In a recent study posted to the Research Square* preprint server and under consideration at Scientific Reports, researchers evaluated the host immune responses to severe acute respiratory syndrome coronavirus 2 (SARS-CoV-2) and its prolonged symptoms.
SARS-CoV-2 emerged in late 2019 and caused a global pandemic called coronavirus disease 2019 (COVID-19). Although SARS-CoV-2 is associated with mild to moderate disease in healthy people, it potentially causes fatal disease or a broad range of long-lasting symptoms in those with impaired immune systems.
Further, age is often considered a significant risk factor for disease severity in COVID-19 since immune responses decline with age. Hence, SARS-CoV-2 causes heterogenic outcomes in an inter-personal manner.
While there is insufficient proof indicating the SARS-CoV-2 is responsible for the heterogenicity in outcomes it causes, studies have suggested that the host immune characteristics are accountable for the established differences in infection rate, disease severity, and prolonged disease symptoms associated with SARS-CoV-2.
Thus, an in-depth understanding of the host's adaptive and innate immune responses against mild and substantially life-threatening SARS-CoV-2 infection is essential for devising diagnostic markers and therapeutic approaches to curtail the COVID-19 pandemic.
About the study
In the present study, the scientists constructed a mathematical model to analyze the host immune responses towards SARS-CoV-2 infection. The team further assessed the role of age-based risk factors and their mechanism in severe COVID-19. The ordinary differential equations (ODEs) employed in the current mathematical model were solved using the complex pathway simulator (COPASI) to determine the flux and variable time courses. Further, the sensitivity analysis and steady-state solution were also estimated using the COPASI.
The results show that the usual age-associated risk factors, such as a 10% reduction in nonspecific immune cell activity and autoantibody-mediated suppression of type-I interferon (IFN1) signaling, significantly enhanced the SARS-CoV-2 load.
The model demonstrated that the immediate reductions in IFN1 signaling and antigen-presenting cells (APCs) activity following the SARS-CoV-2 symptom onset led to higher long-standing viral loads, which resulted in a higher number of infected cells. However, the rapid decline in CD8+ T cells after the SARS-CoV-2 symptom onset does not impact the viral load but slows down the viral clearance. Further, despite a moderate SARS-CoV-2 load probably due to the long-standing SARS-CoV-2 infection, the delay in virus removal was associated with a significant reduction of infection sites.
Despite the hospitalization status, during the acute phase and seven months after the SARS-CoV-2 infection, the number of some dendritic cell (DC) subsets such as CD1c+ myeloid DCs and plasmacytoid DCs (pDCs) in the elderly was lower than those of healthy individuals infected with SARS-CoV-2, leading to a continuing inflammatory response that eventually results in long coronavirus disease (COVID).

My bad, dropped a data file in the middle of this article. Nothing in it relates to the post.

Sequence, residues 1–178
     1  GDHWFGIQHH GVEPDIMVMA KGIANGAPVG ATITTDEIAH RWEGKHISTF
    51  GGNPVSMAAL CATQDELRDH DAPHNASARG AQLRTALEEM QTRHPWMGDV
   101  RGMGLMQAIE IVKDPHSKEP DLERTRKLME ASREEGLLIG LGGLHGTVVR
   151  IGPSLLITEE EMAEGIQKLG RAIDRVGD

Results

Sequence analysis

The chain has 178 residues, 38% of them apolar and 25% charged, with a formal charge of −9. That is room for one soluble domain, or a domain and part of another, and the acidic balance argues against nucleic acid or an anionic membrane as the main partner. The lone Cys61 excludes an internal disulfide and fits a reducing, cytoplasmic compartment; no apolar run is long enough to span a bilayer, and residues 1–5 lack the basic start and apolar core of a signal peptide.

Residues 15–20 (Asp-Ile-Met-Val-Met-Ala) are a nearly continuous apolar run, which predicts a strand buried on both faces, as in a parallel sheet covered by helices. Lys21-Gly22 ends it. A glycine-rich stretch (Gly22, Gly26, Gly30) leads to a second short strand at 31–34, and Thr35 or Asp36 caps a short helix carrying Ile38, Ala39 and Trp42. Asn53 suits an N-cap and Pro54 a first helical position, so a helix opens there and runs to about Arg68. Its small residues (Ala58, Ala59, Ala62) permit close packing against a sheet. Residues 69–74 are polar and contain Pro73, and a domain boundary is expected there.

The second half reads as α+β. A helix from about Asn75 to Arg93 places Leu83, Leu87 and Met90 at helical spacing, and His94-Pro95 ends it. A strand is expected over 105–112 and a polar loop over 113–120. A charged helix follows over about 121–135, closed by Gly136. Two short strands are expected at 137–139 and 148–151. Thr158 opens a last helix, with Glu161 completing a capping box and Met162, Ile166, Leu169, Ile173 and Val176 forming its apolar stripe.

The model predicted that the rapidly declined number of DCs during the acute phase of SARS-CoV-2 rises following the infection; nevertheless, the numbers will be lower than the pre-infection state. Although the model indicates that long-standing DC reduction was associated with persistent SARS-CoV-2 infection, a long-lasting DC deficiency was frequently associated with both short- and long-term post-SARS-CoV-2 symptoms.
The model indicates that patients cannot completely remove even an average SARS-CoV-2 load undergoing replication. Further, the patients will be asymptomatic when the APC activity and immunoglobulin (Ig) synthesis are high enough, leading to suppression of viral replication, successful viral clearance, and curing of SARS-CoV-2. Nevertheless, if these immune responses were impaired, the SARS-CoV-2 infection progressed into post-acute sequelae of COVID-19 (PASC).
The present mathematical model of the host immune response against SARS-CoV-2 showed that age-based decline in nonspecific immune cell activity or increased inhibition of autoantibody-mediated IFN1 signaling during SARS-CoV-2 infection enhanced the viral load.
Further, the model indicated a prolonged DC deficiency in COVID-19 and demonstrated that individuals with severe or even mild SARS-CoV-2 symptoms were associated with a risk of PASC due to the lack of efficient virus removal.
Altogether, the study suggests that individuals with a deficiency in acquired or innate immunity are at high risk of severe or even life-threatening COVID-19 and PASC, especially senior adults, since immunity declines with age.
Nonetheless, the present model did not investigate the role of memory B and T cells on PASC. Further studies evaluating the impact of the vaccine-induced immunological memory against SARS-CoV-2 and PASC in the COVID-19 vaccinated and unvaccinated cohorts are warranted.
Preprints with Research Square publish preliminary scientific reports that are not peer-reviewed and, therefore, should not be regarded as conclusive, guide clinical practice/health-related behavior, or treated as established information.